President Ursula von der Leyen made a brief statement in Brussels that a trade agreement is being negotiated with the United Kingdom. She had a phone call with Prime Minister Johnson. He will also catch up with his cabinet.
“ We decided to go that extra mile,” said Von der Leyen in her short speech. She did not mention a deadline for the end of the negotiations.
“ Our negotiating teams have worked day and night over the past few days. And despite the exhaustion after almost a year of negotiation, despite the fact that deadlines have been missed over and over again, we find it right now to go that extra mile”, says Von der Leyen.
Check out the entire statement of Von der Leyen here:
Prime Minister Johnson also made a statement. According to him, the positions of the EU and the United Kingdom are “still very far apart on important matters” and the British should be prepared for a no-deal on 31 December. Thats what he said after consulting his cabinet.
But “well keep talking to see whats possible. The UK will certainly not run away from the talks.” He also reiterated his offer to speak with other EU leaders.
“ Von der Leyen said very little in terms of content, but what she said was more positive than we have heard recently, because she wants to talk through”, concludes EU correspondent Thomas Spekschoor.
Similarly, correspondent Tim de Wit in London thinks it is positive that the negotiations have not been clapped today. “This day has been pumped up by the British tabloids to no-deal day. All that rhetoric has turned out to be a smokescreen and it turns out that there is still sufficient basis for talking. That is explained here as a bright spot.”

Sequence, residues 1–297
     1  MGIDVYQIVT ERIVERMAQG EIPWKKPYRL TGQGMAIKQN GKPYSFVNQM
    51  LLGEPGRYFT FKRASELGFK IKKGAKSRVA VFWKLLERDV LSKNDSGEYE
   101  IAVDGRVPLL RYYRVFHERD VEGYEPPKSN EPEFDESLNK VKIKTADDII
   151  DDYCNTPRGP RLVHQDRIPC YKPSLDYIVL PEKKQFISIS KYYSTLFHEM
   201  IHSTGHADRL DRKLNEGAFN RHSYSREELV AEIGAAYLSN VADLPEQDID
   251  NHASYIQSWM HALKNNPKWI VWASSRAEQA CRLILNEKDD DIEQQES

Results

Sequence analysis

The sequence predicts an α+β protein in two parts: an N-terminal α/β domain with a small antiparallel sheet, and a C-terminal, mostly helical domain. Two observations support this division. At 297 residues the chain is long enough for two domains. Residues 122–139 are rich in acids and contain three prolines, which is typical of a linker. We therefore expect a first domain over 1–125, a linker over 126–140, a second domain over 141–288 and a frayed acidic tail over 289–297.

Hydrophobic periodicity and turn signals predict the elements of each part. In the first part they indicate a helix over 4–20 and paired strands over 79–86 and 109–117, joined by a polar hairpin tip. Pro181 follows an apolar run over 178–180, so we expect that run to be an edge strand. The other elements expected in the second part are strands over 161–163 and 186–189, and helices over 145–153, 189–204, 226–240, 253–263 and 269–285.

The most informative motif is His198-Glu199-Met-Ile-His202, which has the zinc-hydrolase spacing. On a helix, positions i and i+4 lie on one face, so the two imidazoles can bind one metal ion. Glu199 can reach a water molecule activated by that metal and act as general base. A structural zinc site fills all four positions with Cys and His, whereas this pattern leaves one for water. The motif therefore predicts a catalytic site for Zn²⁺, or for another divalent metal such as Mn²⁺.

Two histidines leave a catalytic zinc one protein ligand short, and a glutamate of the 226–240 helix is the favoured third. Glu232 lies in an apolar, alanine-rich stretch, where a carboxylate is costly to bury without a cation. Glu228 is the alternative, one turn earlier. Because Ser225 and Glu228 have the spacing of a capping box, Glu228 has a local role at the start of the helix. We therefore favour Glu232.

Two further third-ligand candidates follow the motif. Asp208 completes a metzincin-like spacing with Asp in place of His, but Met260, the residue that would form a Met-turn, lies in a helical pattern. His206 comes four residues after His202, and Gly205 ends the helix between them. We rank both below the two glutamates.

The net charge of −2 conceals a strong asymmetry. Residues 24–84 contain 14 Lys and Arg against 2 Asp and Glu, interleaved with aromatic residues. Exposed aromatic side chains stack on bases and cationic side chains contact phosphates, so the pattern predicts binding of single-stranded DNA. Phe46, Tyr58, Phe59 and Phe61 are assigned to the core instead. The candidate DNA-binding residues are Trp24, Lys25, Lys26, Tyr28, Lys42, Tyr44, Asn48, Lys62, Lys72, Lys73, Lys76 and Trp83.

The British Foreign Minister Dominic Raab said this morning that is still a long way to go. He did not rule out that the talks would continue even after today.
The main bottleneck in the talks is how closely the UK must comply with EU economic rules in the future. The British want to maintain access to the European internal market while at the same time acquiring a degree of sovereignty. The EU is of the view that the benefits of access entail countries adhering to European rules.
According to Raab, the EU is concerned that Brexit will work well for the UK and bring a competitive advantage. The EU wants to prevent the British from having favourable trading conditions with the EU while at the same time favousing their own businesses with subsidies, for example.
Fishing rights are still a matter of disagreement. The British want to close the fishing waters around the United Kingdom to European fishermen, who take a very large part of their catches out of the water there.
“Crawling over broken glass”
The British daily mail newspaper had little faith in the successful outcome of that conversation this morning and headlines the message is that it will be a no-deal-brexit.
According to the newspaper, supermarkets have already been told that they have to prepare for massive hoarding if no deal is made. There is a fear that there will be a shortage of vegetables for a few months if a hard brexit comes. The vegetables in British supermarkets come to a large part of the European continent.
Daily Mail accuses the failure to reach an agreement in particular of German Chancellor Angela Merkel, who, according to a newspaper source, is determined to let the UK crawl over broken glass instead of compromise.